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Old February 15th, 2014, 09:21 AM   #8
 
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Quote:
Originally Posted by Regnitteo View Post
I am a new member to the forum and have this tip that I learned many years ago on accuracy issues with M-77's.
Glad you joined the forum, I'm heading down to the basement now.
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Old February 16th, 2014, 12:54 PM   #9
 
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When you get to the basement use a small mill file instead of the Dremel.

Again the magazine box is not part of the rifle's bedding system. When you complete your careful filing, if done right, the magazine box will move slightly when pushed by your fingers when everything is assembled and tightened up.

The screws/bolts for stock/receiver when tight exert a massive amount of tension probably close to 600's pounds or so when cinched up using a screwdriver with a fat handle.

Best to have the bottom of the action behind the recoil lug and barrel shank to receive all this force than to bend the action around a rigid magazine box acting like a column at the middle of the receiver where it is most flexible at the feed rails.

All this has to be one of the most common sense posts on this forum.

Last edited by BassMan; February 16th, 2014 at 12:58 PM.
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Old February 17th, 2014, 02:01 AM   #10
 
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Quote:
Originally Posted by BassMan View Post
When you get to the basement use a small mill file instead of the Dremel.
Checking the fit, I suspect it may have been a source of my problems with this rifle, a .243. Over time I've glassed the front lug, lapped the bore, swapped scopes, bullets and powders. It started out as a 3" shooter, and is down to about 1/2 that now. At one point, I shot some Trail Boss loads through it and was able to get a couple groups at 50yds that ran close to 1/4", so I know it has a problem I never figured out.

I set the angle on my belt sander to get a square grind, and took off a few thousandths from the bottom, reducing the height. I then polished that with 800grit Emory on a flat hardwood surface. Then checking the fit in the well, I could see some of the problem was a burr standing up where the front section of the trigger was hitting. I removed that with the Dremel. The box now fits with a hair to spare, and can be moved with my finger with all the screws tightened. The fit is close enough to NOT rattle with the floor plate closed. The magazine floor plate works easily and properly for the first time, and everything sits square without a gap between the wood and the floor plate.

I was getting ready to install a pillar on the rear and middle screws, and may still do that, but I'm really curious to see if the box was my problem. As soon as it warms up a bit.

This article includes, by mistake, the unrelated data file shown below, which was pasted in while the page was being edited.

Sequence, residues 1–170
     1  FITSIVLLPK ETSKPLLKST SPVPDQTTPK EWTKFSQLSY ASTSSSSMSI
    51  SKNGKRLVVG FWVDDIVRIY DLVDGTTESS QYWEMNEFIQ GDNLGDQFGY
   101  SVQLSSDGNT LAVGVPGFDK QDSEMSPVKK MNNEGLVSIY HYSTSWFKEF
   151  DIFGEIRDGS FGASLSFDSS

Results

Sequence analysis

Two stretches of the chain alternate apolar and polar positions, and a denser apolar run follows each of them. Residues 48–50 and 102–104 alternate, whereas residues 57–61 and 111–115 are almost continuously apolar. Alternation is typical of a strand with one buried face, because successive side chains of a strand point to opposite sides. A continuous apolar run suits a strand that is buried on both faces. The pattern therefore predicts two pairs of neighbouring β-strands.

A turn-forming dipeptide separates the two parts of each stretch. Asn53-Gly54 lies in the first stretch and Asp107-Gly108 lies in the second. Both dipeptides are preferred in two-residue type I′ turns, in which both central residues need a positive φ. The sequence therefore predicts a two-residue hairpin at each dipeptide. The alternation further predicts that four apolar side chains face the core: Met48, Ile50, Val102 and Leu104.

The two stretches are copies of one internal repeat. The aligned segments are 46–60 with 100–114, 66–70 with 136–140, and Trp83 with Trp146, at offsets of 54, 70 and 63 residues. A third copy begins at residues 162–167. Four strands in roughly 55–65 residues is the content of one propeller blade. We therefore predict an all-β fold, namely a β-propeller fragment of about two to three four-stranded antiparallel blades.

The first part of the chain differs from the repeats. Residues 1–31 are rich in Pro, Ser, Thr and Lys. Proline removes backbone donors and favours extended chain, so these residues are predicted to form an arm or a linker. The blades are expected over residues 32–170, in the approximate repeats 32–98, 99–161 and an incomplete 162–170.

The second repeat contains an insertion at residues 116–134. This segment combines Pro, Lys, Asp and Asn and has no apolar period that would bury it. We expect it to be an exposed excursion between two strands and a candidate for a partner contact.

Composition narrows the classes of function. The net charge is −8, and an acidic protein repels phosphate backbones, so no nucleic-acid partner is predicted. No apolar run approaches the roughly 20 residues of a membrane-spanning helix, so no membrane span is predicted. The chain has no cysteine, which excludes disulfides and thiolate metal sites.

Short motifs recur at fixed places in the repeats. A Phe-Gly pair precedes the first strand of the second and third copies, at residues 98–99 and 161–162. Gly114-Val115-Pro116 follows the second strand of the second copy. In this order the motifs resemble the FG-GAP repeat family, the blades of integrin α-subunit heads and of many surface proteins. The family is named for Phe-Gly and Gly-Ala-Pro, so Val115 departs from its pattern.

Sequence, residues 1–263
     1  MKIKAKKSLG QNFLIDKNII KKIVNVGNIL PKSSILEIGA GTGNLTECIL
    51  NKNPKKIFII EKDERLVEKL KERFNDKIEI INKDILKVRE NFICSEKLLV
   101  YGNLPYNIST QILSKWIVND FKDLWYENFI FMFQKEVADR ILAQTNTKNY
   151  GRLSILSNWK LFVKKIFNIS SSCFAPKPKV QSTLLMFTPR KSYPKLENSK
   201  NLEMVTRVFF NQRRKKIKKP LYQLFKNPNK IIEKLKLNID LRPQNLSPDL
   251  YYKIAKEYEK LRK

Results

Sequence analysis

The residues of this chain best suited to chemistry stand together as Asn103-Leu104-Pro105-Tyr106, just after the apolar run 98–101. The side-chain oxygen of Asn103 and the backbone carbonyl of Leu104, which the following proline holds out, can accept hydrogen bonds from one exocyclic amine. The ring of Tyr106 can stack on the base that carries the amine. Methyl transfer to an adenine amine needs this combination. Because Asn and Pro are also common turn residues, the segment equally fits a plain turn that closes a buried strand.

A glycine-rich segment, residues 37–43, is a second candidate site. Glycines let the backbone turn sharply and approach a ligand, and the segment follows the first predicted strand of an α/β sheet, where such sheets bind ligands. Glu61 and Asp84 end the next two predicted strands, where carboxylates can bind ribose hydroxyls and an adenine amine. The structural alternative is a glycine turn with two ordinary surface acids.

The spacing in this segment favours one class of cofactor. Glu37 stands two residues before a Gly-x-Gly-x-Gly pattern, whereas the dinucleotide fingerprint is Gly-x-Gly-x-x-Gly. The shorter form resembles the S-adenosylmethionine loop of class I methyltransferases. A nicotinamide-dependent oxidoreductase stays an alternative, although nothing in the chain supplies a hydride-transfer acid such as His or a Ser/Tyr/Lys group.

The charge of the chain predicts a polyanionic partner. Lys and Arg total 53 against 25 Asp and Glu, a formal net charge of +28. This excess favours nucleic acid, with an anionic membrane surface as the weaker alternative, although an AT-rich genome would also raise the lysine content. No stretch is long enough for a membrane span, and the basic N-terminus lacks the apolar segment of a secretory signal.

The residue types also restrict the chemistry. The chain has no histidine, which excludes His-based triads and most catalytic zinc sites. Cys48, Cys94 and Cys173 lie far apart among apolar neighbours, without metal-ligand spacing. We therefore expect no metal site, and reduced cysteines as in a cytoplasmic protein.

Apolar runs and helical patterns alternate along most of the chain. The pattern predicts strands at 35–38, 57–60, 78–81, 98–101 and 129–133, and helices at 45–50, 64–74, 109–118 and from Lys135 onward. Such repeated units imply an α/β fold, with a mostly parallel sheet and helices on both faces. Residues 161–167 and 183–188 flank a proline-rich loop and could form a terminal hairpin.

Thanks for your suggestions.

Last edited by TMan51; February 17th, 2014 at 02:03 AM.
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Old February 18th, 2014, 04:08 AM   #11
 
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Regnitteo, Bassman,

Thanks for a great tip. Went to the range yesterday and the new Hawkeye performed much, much better with this modification. Got some really nice groups with different ammo. Night and day difference from earlier range sessions. Now I have complete confidence in the rifle, the only issues are with the guy pulling the trigger. If I do my part this rifle is a shooter for sure.
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Old February 18th, 2014, 11:36 AM   #12
 
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Frustration combined with uncertainty will disrupt concentration and this will have a bad effect on shooting.
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Old February 18th, 2014, 12:52 PM   #13
 
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Yes Sir,

I feel comfortable that I've prepped the gun as well as I can with reasonable effort (solid scope and mounting, appropriate action screw tensioning, file touch up the mag box). I focused on my bench technique, which is very time consuming insuring repeatability shot to shot on a hunt club bench set-up. With the rounded forearm profile, this gun it can be very sensitive to inconsistant bearing on the rest, the only flat area on the bottom of the forearm is a limited spot just in front of the forward action screw. The rifle's reaction to recoil needed to be consistant regarding any movement at the front rest. If a group got a bit erratic I just doubled down my effort on bench technique and groups returned to MOA.

I had no previous experience with Ruger or un-bedded wood-stocked rifles, so I was gettin a little antsy about previous range sessions. I left the range at our hunt club yesterday feeling a whole lot better about this rifle.
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Old February 19th, 2014, 02:07 AM   #14
 
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Quote:
Originally Posted by SCgman View Post
With the rounded forearm profile, this gun it can be very sensitive to inconsistant bearing on the rest.

I had no previous experience with Ruger or un-bedded wood-stocked rifles, so I was gettin a little antsy about previous range sessions. I left the range at our hunt club yesterday feeling a whole lot better about this rifle.
I'm always impressed when shooters manage to shoot 1/2" groups off the hood of their truck over a rolled up sleeping bag.

I have a couple of the Cauldwell Rock JR's. with the rear bags, and the front bags are contoured for a round sporter fore end. It helps a lot.

Glad to see "the cure" worked on your rifle. We're headed for a warm spell, and I just may take Friday off to satisfy my curiosity.
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Old February 19th, 2014, 03:55 AM   #15
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Great tip! thanks